Therefore, the relatively coarse ones with C values > 135 μm (only 290 in all, ~8.5% of the total 3398 samples), like the relatively fine ones with C values < 135 μm, are possibly windblown in origin as well, because they are concentrated in the CM plot and are parallel to the C = M line (Fig 4), showing a feature of good sorting for aeolian deposit. These relatively coarse particles were probably transported by ambient wind [33–35] or gust  from nearby sources.
In this study, each of three end-members varied from zero to 100% but had different averages (Fig 5). EM 1 had a mean value of 47.4% while EM 2 had an average of 38.4%. By contrast, EM 3 had a low mean value of 14.2%. In order to present a clear varying trend for each end-member, we run a linear fitting and averaging with a window width of 11 data points for each time interval. EM 1 generally increased in abundance from 20.1 to 17 Ma and stepwise decreased from 17 to 0.07 Ma (Fig 5A). On the contrary, percentage of EM 2 decreased from 20.1 to 17 Ma and stepwise increased from 17 to 0.07 Ma (Fig 5B). Intriguingly, EM 3 also showed a similar varying trend to EM 2 except the last time interval since 4 Ma (Fig 5C).
For each time interval, the solid line is linear fitting and the solid curve is averaging with a window width of 11 data points.
Such clear varying trends for three end-members of the Sikouzi grain-size record in Ningxia can be well correlated with the benthic foraminiferal composite δ18O record  (Fig 5D). Given that shifts in δ18O are believed to reflect changes in global ice volume and thus variations in global temperature [37–39], we believe that shifts in δ18O were tightly associated with changes in global temperature during the late Cenozoic period. From 20.1 to 17 Ma, both EM 2 and the δ18O curve showed a decreasing trend, implying that global warming during this period weakened the EAWM. From 17 to 0.07 Ma, the δ18O curve, EM 2, and EM 3 showed a stepwise increasing trend (Fig 5), implying that global cooling stepwise strengthened the EAWM since 17 Ma. The middle-late Miocene transition and the significant development of East Antarctic Ice Sheet probably not only strengthened the meridional temperature gradients and global aridity in the middle-high latitudes, but also intensified the oceanic and atmospheric circulation and the major falling of global sea level [21–22]. Several positive feedback mechanisms possibly modulated and magnified the mid-Miocene global cooling, including vegetation changes, greenhouse gas (atmospheric CO2 and water vapor) fluctuations as Jiang et al.  proposed.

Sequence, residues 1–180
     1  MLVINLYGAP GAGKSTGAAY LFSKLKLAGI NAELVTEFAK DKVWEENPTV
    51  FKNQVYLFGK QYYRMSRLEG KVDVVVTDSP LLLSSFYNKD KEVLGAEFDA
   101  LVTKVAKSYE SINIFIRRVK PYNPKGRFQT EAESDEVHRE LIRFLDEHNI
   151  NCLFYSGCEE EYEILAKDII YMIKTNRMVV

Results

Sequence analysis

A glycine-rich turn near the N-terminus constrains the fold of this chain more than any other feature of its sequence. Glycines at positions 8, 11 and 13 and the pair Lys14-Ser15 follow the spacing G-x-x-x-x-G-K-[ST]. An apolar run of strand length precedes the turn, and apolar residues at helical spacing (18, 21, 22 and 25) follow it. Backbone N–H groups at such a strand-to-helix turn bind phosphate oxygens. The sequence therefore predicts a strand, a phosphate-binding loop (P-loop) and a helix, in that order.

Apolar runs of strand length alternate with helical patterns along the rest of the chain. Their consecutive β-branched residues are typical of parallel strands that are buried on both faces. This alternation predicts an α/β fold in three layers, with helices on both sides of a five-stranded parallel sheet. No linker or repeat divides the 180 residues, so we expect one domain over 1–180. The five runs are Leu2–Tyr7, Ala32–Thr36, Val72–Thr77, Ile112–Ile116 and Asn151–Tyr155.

Noticeably, from 6 to 4 Ma, whether the δ18O curve, EM 2 or EM 1, showed a slow variation or maintained relatively stable, probably because the climate in Asia corresponded to global warming during the Early Pliocene [40–41]. Supporting this viewpoint, sea surface temperature had almost no cooling from 6 to 4 Ma in the northwestern Pacific .